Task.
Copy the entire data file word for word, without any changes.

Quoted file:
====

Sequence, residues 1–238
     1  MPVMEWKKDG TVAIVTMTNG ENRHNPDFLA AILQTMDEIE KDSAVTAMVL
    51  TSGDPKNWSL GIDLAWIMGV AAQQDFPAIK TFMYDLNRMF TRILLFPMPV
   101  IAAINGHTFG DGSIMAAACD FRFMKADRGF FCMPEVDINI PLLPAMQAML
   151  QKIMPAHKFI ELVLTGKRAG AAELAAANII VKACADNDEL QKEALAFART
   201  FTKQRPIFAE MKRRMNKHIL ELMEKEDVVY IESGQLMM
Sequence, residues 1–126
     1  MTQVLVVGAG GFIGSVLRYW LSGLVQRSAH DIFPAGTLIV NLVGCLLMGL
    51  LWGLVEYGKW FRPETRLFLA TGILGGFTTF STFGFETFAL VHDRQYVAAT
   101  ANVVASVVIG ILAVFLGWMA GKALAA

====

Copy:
Sequence, residues 1–238
     1  MPVMEWKKDG TVAIVTMTNG ENRHNPDFLA AILQTMDEIE KDSAVTAMVL
    51  TSGDPKNWSL GIDLAWIMGV AAQQDFPAIK TFMYDLNRMF TRILLFPMPV
   101  IAAINGHTFG DGSIMAAACD FRFMKADRGF FCMPEVDINI PLLPAMQAML
   151  QKIMPAHKFI ELVLTGKRAG AAELAAANII VKACADNDEL QKEALAFART
   201  FTKQRPIFAE MKRRMNKHIL ELMEKEDVVY IESGQLMM
Sequence, residues 1–126
     1  MTQVLVVGAG GFIGSVLRYW LSGLVQRSAH DIFPAGTLIV NLVGCLLMGL
    51  LWGLVEYGKW FRPETRLFLA TGILGGFTTF STFGFETFAL VHDRQYVAAT
   101  ANVVASVVIG ILAVFLGWMA GKALAA